White House Doesn't Mention McGovern's Oval Office Bid
The White House paid tribute to former Sen. George McGovern (S.D.) today without referencing the Democrat's failed 1972 run for the Oval Office.
"George McGovern dedicated his life to serving the country he loved. He signed up to fight in World War II, and became a decorated bomber pilot over the battlefields of Europe. When the people of South Dakota sent him to Washington, this hero of war became a champion for peace," President Obama said in a statement. "And after his career in Congress, he became a leading voice in the fight against hunger. George was a statesman of great conscience and conviction, and Michelle and I share our thoughts and prayers with his family."
"Jill and I are profoundly saddened to hear about George McGovern’s passing. I was honored to serve with him, to know him, and to call him a friend," Vice President Joe Biden said in a statement. "George believed deeply in public service. It defined him as a Senator and as a man. And he never stopped serving for his entire life – whether it was his courage in World War II, his time in Congress, or his fight to eliminate hunger at home and abroad. Above all, George McGovern was a generous, kind, honorable man. He will be missed, and our thoughts and prayers are with his family today."
In an op-ed run by the Washington Post less than a month ago, McGovern opened up on what it's like to lose a presidential election and admitted that he hadn't quite gotten over it.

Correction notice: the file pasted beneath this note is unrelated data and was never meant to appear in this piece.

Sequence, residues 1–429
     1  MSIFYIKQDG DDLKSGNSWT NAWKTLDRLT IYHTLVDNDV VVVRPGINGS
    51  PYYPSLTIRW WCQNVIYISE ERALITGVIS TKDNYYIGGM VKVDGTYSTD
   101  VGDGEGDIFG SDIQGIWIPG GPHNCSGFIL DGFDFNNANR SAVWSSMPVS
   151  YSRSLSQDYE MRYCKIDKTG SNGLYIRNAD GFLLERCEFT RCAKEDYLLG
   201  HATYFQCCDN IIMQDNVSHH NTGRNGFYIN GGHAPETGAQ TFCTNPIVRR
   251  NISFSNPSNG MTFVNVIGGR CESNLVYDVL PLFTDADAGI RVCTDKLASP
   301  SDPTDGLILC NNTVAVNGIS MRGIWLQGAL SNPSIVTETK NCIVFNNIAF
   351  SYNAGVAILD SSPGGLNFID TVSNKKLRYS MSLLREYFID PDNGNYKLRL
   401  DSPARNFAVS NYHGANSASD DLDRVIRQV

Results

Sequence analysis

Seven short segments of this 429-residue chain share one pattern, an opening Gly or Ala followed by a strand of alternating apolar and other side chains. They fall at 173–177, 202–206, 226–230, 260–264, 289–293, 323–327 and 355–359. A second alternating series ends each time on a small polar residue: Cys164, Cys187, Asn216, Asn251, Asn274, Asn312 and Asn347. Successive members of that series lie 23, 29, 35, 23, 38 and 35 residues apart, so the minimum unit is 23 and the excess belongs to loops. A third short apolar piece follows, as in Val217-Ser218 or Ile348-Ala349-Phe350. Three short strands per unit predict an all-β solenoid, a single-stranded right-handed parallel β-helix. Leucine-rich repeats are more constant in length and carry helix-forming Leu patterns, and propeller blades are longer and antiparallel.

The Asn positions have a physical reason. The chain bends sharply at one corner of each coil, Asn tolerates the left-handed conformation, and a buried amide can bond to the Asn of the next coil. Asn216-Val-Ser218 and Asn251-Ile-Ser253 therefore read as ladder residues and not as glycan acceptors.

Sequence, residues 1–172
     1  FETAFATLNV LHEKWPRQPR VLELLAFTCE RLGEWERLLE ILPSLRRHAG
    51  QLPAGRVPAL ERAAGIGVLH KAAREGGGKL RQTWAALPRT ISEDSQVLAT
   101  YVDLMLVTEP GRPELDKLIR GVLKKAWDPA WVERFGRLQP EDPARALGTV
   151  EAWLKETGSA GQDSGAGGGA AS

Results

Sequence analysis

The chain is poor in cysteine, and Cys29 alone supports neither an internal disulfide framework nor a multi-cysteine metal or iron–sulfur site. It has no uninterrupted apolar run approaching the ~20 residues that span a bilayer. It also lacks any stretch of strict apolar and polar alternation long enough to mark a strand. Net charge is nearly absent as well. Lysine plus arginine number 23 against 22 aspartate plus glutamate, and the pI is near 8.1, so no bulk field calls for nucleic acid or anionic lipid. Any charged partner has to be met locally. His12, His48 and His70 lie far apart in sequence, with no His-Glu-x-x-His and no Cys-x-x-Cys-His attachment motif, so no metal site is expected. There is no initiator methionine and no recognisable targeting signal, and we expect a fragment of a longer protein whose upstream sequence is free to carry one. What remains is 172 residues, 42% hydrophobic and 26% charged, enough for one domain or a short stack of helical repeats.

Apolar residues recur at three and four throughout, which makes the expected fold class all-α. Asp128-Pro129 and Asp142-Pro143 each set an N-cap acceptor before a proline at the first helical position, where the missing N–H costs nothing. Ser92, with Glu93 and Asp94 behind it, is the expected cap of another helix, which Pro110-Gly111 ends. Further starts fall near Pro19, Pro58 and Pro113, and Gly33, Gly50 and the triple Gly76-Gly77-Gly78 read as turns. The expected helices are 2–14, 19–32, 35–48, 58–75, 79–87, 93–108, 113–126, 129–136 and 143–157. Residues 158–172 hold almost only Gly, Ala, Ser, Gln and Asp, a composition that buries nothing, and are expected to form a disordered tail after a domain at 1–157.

It ran with an op-ed from another senator whose White House bid fell short: Bob Dole (R-Kansas). McGovern and Dole teamed up after their congressional careers to battle childhood hunger worldwide.
Dole paid tribute to his colleague in another Washington Post op-ed tonight.
"When I learned that George McGovern was nearing the end of his remarkable life, I couldn’t help but think back to the day in June 1993 when both of us attended the funeral of former first lady Pat Nixon, in Yorba Linda, Calif. After the service, George was asked by a reporter why he should honor the wife of the man whose alleged dirty tricks had kept him out of the White House," Dole wrote. "He replied, 'You can’t keep on campaigning forever.'”
"...In recent years, George and I had several occasions to get together and reflect on our lives, our political careers and our respective presidential campaigns. No matter how many times we replayed it, he never did defeat President Nixon and I never did defeat Bill Clinton. We agreed, however, that the greatest of life’s blessings cannot be counted in electoral votes."
The McGovern-Dole International Food for Education and Child Nutrition Program has provided meals to 22 million children in 41 countries since its inception.
When the pair accepted the World Food Prize, arm-in-arm, in 2008, Dole quipped, "The good news is that we finally won something. It proves that you should never give up.”
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